Clean green Diwali at Indian embassy in Washington, DC

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By Adam Rizvi, additional writing by Dr. Shirin Abbas: WASHINGTON, DC, Nov 13: Strings of lights and colorful ‘Rangoli’ designs bedecked with flower petals ushered enthusiastic guests to the official Diwali function at the Indian Chancery in Washington DC on Sunday.

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It was a jam-packed main hall of the Indian Chancery hall welcomed guests for the official Diwali celebrations held at the US capital by the Indian Consulate on Sunday evening.

Welcoming the guests, the Indian Ambassador Navtej Sarna proudly stated that that the “festival of Diwali has become emblematic of India abroad” and gave credit to the Indian diaspora for making it the best known Indian festivals in America.

Mr. Sarna revealed that US officials reacted positively to a suggestion by the Indian Embassy to co-host the Diwali event at the US State Department earlier this month. He said more similar celebrations would be held in other official mansions of the US. Over 200 people had attended the joint Indo-US Diwali function.

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Addressing the gathering on the occasion, Sarna told the audience that the pan America celebration of Diwali is “a recognition of what all of you (Indian Americans) have achieved in your years of hard work in the US, whether you start by impressing your neighbor by lighting a few ‘diyas’ and distributing sweets or whether you do it at work, in the business community, in the hospital wards or in the new institutions of power which may be in Silicon Valley. Along with your success comes Indian culture, an Indian tradition.”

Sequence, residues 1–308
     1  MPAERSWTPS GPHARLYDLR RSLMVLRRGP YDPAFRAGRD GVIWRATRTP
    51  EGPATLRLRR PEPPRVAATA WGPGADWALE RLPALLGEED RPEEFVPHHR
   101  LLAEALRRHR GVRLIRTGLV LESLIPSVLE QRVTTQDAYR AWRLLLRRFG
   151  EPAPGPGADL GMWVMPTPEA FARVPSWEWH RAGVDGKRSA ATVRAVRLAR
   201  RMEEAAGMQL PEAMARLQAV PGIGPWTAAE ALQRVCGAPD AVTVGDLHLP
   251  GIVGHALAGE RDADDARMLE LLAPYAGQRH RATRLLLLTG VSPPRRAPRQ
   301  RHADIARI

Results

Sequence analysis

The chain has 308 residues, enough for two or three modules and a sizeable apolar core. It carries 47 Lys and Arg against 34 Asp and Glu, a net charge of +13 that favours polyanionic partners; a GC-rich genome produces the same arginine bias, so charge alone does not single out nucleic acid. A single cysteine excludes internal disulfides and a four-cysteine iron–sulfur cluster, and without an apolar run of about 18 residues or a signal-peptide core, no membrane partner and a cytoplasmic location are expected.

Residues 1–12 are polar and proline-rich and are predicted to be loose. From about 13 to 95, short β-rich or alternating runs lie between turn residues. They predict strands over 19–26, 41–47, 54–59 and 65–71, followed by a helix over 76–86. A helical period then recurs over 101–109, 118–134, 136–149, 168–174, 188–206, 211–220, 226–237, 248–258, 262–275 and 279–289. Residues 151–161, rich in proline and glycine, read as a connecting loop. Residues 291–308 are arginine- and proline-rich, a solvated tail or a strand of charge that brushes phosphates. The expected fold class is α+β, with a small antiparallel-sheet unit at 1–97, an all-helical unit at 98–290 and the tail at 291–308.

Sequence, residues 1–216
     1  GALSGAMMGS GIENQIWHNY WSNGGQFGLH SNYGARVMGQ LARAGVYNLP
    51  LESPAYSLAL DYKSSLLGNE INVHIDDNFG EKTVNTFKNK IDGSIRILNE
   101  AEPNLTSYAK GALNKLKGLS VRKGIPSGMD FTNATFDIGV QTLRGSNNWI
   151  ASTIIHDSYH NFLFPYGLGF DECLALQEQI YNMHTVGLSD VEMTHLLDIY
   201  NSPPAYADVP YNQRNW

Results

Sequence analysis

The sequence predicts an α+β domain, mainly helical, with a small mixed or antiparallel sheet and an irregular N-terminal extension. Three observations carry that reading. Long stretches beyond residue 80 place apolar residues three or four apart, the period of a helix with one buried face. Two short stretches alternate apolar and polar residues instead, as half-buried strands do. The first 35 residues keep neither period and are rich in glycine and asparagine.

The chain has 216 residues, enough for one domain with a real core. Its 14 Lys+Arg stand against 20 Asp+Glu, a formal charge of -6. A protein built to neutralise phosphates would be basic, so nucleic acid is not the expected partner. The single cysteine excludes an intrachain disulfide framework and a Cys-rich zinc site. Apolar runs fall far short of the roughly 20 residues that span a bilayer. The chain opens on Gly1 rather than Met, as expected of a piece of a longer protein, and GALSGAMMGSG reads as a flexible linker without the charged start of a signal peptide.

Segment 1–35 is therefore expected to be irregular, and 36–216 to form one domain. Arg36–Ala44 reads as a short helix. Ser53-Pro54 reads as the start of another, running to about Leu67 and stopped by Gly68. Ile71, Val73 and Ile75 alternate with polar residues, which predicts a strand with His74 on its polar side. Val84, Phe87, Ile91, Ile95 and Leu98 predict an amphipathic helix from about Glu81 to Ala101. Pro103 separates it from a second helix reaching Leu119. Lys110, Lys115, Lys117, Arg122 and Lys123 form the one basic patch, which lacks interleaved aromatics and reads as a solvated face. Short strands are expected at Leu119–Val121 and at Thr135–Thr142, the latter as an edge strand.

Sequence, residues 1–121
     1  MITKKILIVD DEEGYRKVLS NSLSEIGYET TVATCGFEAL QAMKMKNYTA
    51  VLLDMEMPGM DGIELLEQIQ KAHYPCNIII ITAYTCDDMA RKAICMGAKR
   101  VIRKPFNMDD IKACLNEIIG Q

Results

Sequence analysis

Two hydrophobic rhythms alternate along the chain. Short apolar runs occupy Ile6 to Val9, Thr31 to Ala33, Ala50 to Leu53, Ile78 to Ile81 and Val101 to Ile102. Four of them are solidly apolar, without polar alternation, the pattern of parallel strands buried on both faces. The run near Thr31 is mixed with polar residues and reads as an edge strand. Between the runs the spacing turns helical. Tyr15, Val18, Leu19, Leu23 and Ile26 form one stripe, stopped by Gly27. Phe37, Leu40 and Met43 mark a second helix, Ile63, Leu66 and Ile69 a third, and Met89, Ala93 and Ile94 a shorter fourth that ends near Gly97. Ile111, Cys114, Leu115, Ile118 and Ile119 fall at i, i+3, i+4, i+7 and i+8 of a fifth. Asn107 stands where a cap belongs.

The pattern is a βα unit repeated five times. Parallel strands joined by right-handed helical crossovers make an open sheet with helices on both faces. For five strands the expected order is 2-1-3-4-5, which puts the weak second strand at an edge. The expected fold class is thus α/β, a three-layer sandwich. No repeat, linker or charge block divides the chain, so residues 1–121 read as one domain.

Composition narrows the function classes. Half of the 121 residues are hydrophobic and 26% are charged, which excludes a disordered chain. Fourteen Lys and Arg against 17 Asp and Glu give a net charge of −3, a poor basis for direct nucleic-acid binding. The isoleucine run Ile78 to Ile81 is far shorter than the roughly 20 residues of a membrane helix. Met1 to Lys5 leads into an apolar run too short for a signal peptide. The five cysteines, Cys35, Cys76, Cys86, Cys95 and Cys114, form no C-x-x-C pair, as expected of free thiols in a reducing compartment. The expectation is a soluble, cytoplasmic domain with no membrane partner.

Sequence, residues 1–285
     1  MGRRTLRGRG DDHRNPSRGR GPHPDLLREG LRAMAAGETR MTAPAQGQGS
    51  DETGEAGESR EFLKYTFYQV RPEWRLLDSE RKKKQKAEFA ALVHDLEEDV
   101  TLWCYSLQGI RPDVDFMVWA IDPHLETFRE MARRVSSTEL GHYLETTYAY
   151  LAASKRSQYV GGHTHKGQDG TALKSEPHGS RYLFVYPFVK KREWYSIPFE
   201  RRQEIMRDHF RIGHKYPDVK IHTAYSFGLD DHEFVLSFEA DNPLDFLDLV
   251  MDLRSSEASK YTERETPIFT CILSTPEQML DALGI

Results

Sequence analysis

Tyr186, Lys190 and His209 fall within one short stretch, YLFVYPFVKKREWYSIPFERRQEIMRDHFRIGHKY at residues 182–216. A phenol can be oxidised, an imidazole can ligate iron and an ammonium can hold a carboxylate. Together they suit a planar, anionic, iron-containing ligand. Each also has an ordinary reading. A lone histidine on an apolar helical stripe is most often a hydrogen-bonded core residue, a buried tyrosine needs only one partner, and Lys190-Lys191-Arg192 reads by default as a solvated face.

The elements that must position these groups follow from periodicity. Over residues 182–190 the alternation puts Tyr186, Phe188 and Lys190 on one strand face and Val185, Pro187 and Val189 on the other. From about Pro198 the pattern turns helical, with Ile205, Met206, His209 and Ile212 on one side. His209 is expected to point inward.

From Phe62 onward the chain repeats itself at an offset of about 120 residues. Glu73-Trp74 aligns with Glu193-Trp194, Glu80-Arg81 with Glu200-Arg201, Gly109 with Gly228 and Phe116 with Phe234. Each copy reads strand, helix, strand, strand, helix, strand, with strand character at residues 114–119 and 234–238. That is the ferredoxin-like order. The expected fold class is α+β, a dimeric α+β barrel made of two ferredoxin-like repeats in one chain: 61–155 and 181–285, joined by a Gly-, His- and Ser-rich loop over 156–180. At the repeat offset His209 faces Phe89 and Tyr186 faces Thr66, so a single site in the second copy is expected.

President Donald Trump is expected to lightt

the symbolic Diwali ‘diya’ (lamp) in the Oval Office for the second time since he occupied the White House. This will be followed by an elaborate celebration in the hallowed halls of the US Congress, an annual event

which draws several influential lawmakers — all staunch supporters of India and loyal friends of Indian-Americans.

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The envoy welcomed the gathering to “a very clean and green function” explaining that “nowadays the debate about Diwali is how clean is Diwali. We want to keep it clean and green”, he said, implying it is celebrated at the diplomatic mission sans firecrackers or anything which would further pollute the atmosphere,

“It is that light of higher knowledge which dispels all ignorance,” noted Srimati Karuna, director of the Gandhi Memorial Center since 2006, ( Bethesda, Maryland), who spoke about the significance of Diwali emphasizing its importance as a festival of lights. “The observance of Diwali each year is not only a time of festive celebration but a sublime reminder that light is the source of life,” she said in her address. “We know that Diwali is a festival celebrated worldwide by Hindus, Sikhs, Jains, Buddhists, but the symbol of light is universal. All of humanity knows not just the meaning, but the reality of light. We live in a universe of light and that light lives within us,” Srimati Karuna told the gathering.

“Diwali also marks a time of reflection on that inner light of all beings that illuminates our vision with greater understanding, greater hope, and greater wisdom and the essence of the festival was to enlighten our minds and hearts with goodness, beauty, and truth”, she averred.

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Each year the Indian Embassy attracts the finest talent to present their skills before an enraptured audience and this year was no different. The very talented singer Krishnapriya, associated with the Chinmaya Mission in Frederick, Maryland, enthralled the audience with semi-classical, devotional and folk songs. At present Krishnapriya is a freshman at the University of Maryland with a major in international relations. She has been an ardent lover of music since childhood and is a trained Carnatic music singer. Her guru is Sri Padmanabhan based in California.

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The vote of thanks was delivered on the occasion by Dr. Satish Misra, president of United Hindu and Jain Temples (UHJT) of the Washington metropolitan area, a consortium of 14 major houses of worship.


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By Adam Rizvi & Dr. Shirin Abbas

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